Each of these pitchers made Opening Day starts last season, except for Sale (when the Red Sox gave the nod to reigning Cy Young winner Rick Porcello instead), and they all could very well take the mound on Opening Day again this season. These are some of the best pitchers the AL East has to offer, and to see what Judge and Stanton have done to them in the past and what they are projected to do against them in 2018 should raise the eyebrows of every member of every pitching staff in the division and beyond.

To make matters worse, they might seem them back-to-back, and if they aren’t careful, they might see them trot around the bases back-to-back.

The What-If and Then-What of MLB’s Lingering Free Agents


MLB free agency is taking its sweet time to play out, so we went ahead and did it for them by placing remaining big names on a rumored team and further evaluating with STATS TVL data and STATS Video Solution.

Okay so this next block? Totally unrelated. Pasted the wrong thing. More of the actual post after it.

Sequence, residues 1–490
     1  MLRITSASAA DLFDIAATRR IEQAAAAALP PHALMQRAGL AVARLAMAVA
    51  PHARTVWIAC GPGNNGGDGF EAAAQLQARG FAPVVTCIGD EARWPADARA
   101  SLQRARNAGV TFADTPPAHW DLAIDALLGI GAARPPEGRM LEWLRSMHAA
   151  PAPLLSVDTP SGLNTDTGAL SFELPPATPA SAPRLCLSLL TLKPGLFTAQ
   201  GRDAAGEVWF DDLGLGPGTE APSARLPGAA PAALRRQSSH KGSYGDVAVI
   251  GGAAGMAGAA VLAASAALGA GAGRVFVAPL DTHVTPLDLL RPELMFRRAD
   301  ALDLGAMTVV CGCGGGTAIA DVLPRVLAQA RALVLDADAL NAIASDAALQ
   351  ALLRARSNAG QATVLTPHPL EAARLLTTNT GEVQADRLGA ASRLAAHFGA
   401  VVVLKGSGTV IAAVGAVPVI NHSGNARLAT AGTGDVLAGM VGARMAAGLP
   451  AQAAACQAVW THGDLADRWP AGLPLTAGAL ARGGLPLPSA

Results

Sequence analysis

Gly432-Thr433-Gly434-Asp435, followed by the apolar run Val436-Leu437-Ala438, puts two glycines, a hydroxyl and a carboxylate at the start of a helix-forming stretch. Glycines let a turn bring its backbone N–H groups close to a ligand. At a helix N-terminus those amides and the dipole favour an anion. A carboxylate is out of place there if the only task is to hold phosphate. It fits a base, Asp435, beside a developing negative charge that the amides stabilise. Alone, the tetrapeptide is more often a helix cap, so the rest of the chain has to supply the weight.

Pitchers and catchers have reported. We made it. Finally, there is more to report on than the slow offseason. But those high-end free agents not yet signed are still going to dominate headlines until they find a middle ground with a team on a contract.

The slow offseason hasn’t stopped rumors from slipping out, however, and industry experts have tried their hands in predicting where some of those top free agents might end up. So for now, all we can do is take those predictions and project how those free agents might be of impact for those teams.

The outline of this piece will include an oft-rumored landing spot for each free agent, and counterparts he has both done well and not-so-well against in his career, with regular season stats included.

J.D. Martinez to the Boston Red Sox

Martinez and the Red Sox have been linked all offseason. It would make sense: The Red Sox were 27th in MLB and last in the American League in home runs in 2017. Martinez hit a home run once every eight at-bats with Arizona last season.

If Martinez does sign with Boston, it will be in an effort to keep pace with the New York Yankees. The former Detroit Tigers slugger has hit .337 lifetime against the Yankees, but with mixed results versus two of New York’s starters.

Martinez vs. CC Sabathia: 2 for 8 (.250)/.333 OBP/.250 SLG/1 RBI/2 K